A May 23 split ruling by the Court of Military Appeals for the Armed Forces raises questions about the reach and application of the Uniform Code of Military Justice, and points again to the need to align the UCMJ with current legal and social norms.
The appellate ruling upheld the 2008 conviction of Army Staff Sgt. Ivan Goings on charges of indecency after a video was found in his off-base home showing him and another man having consensual sex with a German woman.
The tape was found while Goings was being investigated for the date rape of another woman, for which he was also convicted.
The judges in the majority held that the “indecent act” of letting a third party watch and record consensual sex was prejudicial to good order and discipline and discrediting to the military.
But Judge Scott Stucky dissented, noting there was no evidence that the video was meant for anything other than private use and, more importantly, that the majority ruling could be interpreted as applying to the recording of any sex act, even between two people.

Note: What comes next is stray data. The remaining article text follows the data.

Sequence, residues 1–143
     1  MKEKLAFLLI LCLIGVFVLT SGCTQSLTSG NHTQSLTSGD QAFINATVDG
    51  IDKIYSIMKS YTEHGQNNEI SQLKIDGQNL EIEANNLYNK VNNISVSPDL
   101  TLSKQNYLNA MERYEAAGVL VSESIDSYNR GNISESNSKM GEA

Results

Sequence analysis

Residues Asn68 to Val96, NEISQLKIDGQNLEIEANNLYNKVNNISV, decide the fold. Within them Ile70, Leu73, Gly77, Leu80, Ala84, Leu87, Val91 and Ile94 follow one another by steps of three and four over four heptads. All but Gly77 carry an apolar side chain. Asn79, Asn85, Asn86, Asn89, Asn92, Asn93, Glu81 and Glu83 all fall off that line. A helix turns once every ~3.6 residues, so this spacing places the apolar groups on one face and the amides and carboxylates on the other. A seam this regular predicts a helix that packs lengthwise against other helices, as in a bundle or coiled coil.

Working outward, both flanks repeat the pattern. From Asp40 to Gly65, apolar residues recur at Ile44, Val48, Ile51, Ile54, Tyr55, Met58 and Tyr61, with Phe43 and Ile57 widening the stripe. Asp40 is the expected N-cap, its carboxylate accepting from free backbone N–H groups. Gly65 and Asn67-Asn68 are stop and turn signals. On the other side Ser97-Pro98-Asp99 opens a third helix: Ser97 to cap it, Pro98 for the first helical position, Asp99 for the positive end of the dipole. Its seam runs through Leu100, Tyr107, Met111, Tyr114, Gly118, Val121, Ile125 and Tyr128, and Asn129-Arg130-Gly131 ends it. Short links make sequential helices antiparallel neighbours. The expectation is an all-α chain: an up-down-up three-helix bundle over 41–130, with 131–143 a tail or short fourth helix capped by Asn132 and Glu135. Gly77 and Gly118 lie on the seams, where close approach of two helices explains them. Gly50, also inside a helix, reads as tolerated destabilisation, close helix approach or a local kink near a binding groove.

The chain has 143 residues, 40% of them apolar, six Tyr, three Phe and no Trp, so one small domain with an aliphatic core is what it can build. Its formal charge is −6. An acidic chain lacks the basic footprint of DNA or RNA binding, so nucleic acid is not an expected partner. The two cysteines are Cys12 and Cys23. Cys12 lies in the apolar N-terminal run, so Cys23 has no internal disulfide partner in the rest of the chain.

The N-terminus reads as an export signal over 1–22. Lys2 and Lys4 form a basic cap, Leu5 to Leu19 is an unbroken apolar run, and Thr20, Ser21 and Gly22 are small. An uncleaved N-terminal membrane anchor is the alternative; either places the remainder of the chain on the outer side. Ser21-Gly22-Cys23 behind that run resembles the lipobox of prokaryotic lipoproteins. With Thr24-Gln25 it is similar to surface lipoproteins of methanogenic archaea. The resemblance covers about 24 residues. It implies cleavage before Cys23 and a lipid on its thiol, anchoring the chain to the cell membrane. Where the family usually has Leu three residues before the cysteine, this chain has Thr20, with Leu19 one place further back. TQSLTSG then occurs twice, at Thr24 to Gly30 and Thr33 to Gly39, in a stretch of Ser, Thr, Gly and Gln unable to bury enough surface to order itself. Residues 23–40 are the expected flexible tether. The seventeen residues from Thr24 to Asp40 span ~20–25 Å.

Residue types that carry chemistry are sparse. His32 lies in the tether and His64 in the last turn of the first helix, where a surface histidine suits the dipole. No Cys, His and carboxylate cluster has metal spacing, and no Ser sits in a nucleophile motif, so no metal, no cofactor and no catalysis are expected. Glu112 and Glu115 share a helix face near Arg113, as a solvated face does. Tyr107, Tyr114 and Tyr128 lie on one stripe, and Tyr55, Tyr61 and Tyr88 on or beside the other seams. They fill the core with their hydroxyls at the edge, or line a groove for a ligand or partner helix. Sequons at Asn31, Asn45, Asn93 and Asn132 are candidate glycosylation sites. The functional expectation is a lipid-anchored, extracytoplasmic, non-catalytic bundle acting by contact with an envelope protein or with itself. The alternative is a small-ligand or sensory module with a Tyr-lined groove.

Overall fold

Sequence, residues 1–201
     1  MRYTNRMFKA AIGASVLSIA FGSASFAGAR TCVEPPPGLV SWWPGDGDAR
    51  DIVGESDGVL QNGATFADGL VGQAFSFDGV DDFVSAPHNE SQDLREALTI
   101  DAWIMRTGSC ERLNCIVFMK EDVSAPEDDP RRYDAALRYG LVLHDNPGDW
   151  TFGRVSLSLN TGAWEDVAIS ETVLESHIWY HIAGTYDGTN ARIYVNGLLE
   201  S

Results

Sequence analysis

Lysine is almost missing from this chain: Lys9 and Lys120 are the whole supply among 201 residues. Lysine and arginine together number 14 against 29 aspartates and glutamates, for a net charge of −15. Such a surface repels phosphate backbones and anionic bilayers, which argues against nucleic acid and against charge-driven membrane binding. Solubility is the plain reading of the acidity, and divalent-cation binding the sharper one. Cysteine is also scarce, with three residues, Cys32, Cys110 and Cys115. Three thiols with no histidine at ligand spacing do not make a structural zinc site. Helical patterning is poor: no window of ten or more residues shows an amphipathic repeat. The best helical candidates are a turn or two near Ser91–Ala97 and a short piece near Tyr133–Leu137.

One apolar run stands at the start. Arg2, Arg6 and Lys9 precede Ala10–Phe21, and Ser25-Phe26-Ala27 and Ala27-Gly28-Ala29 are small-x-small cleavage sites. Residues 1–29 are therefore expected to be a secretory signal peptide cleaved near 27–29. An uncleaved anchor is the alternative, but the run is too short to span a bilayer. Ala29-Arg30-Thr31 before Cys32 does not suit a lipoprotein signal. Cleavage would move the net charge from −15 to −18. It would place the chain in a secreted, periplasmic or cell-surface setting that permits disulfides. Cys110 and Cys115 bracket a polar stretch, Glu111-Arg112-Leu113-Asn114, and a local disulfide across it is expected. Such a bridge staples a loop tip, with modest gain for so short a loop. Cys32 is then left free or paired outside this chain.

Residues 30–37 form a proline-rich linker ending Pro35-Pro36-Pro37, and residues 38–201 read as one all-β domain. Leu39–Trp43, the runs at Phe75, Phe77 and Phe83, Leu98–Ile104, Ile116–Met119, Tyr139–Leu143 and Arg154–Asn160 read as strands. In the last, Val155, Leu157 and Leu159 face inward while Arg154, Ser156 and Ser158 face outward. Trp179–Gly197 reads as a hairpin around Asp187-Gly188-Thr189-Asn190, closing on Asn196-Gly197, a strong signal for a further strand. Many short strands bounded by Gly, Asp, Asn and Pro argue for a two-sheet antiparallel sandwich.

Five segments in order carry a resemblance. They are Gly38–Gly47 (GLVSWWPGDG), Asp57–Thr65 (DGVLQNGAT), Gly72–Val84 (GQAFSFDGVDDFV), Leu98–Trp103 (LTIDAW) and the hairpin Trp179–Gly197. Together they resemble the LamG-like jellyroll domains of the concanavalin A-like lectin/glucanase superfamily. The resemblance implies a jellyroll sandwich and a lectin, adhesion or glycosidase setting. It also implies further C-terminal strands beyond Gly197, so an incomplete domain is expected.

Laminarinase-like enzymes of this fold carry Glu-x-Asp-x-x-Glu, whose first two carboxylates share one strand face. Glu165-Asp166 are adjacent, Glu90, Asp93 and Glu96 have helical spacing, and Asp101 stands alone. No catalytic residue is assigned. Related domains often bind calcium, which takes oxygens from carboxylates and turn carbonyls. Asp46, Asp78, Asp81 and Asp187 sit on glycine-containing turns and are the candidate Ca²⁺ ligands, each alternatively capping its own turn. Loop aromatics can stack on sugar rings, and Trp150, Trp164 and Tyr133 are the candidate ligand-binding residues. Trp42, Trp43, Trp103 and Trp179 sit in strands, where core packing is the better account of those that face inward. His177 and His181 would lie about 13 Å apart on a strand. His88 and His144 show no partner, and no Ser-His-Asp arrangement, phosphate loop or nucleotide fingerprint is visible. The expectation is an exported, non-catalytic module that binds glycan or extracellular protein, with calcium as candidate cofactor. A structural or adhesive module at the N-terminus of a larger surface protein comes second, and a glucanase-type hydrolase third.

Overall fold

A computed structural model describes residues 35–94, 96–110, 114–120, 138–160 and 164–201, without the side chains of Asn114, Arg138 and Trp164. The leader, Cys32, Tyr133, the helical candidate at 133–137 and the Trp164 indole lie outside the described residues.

The Supreme Court has asserted a basic right to privacy in sex-related matters back to the 1920s, most recently in 2003, when it struck down a Texas law barring consensual sodomy, defined as oral or anal sex.
Yet Article 125 of the UCMJ still bans sodomy.That’s right: It is still technically illegal for married troops to have oral sex with their spouses. And while it is now OK for gays to serve openly in the military, it is still technically illegal for them to have sex.
Clearly, the military has a compelling interest in prosecuting violent, nonconsensual sex acts such as rape, assault and abuse, as well as acts that cross into fraternization between superiors and subordinates.
But the military and the UCMJ have no place governing the private, consensual activity of service members. It’s past time for Congress to amend these laws.